Hart to Hart, 1979
Robert Wagner, as Jonathan Hart, was the epitome of a self-made American, the millionaire owner of Hart Industries. His wife Jennifer Hart (Stefanie Powers) had that utterly implausible occupation of the idle rich: authoress. They live with cute canine Freeway and wrinkled retainer Max. Having, literally, everything, the Harts turned to amateur detective work to get their kicks out of righting wrongs.
The plebeian products of Detroit were not welcome here in 1980s LA: the Harts drove strictly imports. For Jonathan it was the cushioned splendour of a black Rolls-Royce Corniche registered 1 HART, for Jennifer the louche pleasures of a yellow Mercedes-Benz 450SL registered (cringe) 2 HARTS, and upgraded to a 380SL in 1981. This show was extraordinarily popular, syndicated in 60 countries and with 110 instalments shot in five series until 1984.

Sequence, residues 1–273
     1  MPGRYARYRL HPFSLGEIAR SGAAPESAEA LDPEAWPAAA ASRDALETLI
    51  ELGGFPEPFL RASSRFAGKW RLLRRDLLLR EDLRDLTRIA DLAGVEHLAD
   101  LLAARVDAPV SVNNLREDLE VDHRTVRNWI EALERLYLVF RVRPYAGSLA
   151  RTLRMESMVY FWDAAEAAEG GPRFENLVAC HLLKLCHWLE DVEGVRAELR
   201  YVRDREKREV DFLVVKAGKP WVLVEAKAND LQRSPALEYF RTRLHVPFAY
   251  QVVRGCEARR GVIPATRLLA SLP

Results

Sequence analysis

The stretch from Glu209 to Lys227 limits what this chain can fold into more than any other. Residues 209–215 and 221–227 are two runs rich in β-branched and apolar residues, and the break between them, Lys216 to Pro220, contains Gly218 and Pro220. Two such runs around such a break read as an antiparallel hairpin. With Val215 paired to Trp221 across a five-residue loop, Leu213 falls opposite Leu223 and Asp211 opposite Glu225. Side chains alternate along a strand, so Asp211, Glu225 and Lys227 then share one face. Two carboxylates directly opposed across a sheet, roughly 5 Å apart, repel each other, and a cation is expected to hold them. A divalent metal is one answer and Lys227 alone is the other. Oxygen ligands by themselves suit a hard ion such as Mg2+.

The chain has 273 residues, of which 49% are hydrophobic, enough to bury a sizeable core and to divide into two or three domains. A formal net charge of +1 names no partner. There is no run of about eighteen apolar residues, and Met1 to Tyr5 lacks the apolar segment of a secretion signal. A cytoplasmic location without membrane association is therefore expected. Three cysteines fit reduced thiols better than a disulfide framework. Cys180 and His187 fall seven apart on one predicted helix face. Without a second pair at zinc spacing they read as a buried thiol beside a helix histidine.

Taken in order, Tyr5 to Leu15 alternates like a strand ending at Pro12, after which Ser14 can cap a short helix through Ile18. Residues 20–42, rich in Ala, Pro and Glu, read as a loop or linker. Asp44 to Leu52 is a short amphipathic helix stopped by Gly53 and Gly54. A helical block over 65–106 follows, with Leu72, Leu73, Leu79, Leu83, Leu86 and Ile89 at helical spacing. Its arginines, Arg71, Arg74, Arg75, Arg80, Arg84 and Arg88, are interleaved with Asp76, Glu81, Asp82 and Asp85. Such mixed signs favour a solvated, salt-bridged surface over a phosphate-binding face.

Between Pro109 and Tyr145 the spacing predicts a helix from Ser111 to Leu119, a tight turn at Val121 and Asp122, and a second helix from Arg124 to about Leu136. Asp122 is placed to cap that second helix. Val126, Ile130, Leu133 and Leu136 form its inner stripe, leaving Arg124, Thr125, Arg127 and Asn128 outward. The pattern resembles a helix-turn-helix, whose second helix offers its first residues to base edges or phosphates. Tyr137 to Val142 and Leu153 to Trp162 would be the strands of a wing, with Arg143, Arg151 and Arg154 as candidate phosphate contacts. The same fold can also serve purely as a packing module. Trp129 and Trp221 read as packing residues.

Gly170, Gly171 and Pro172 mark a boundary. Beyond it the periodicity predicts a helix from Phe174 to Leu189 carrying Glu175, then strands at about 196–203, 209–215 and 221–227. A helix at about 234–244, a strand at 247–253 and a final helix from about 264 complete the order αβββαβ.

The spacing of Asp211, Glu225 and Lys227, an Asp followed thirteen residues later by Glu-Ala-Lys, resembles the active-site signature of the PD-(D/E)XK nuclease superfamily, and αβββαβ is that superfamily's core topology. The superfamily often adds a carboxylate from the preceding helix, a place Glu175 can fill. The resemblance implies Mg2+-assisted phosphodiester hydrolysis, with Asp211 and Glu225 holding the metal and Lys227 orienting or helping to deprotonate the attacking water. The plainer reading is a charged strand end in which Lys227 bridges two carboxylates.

Knight Rider, 1982
Few action dramas have been as much of a ‘car’ show as Knight Rider. After all, one of the main characters was itself a car. Its creator Glen Larson has said: “I wanted to do The Lone Ranger with a car…a kind of sci-fi thing with the soul of a Western”. The main protagonist here was Michael Knight (David Hasselhoff). He was a former undercover cop turned justice-seeker, and was assisted not by a trusty stallion but with the autonomous, 200mph KITT, standing for Knight Industries Two Thousand – the ultimate in high-tech cars. This was essentially a fantasy version of the third-generation Pontiac Firebird Trans-Am. Some people genuinely believed KITT’s gadgetry came as standard, plaguing Pontiac dealers to such an extent that Larson was commanded by General Motors never again to credit the car as a Pontiac or a Trans-Am.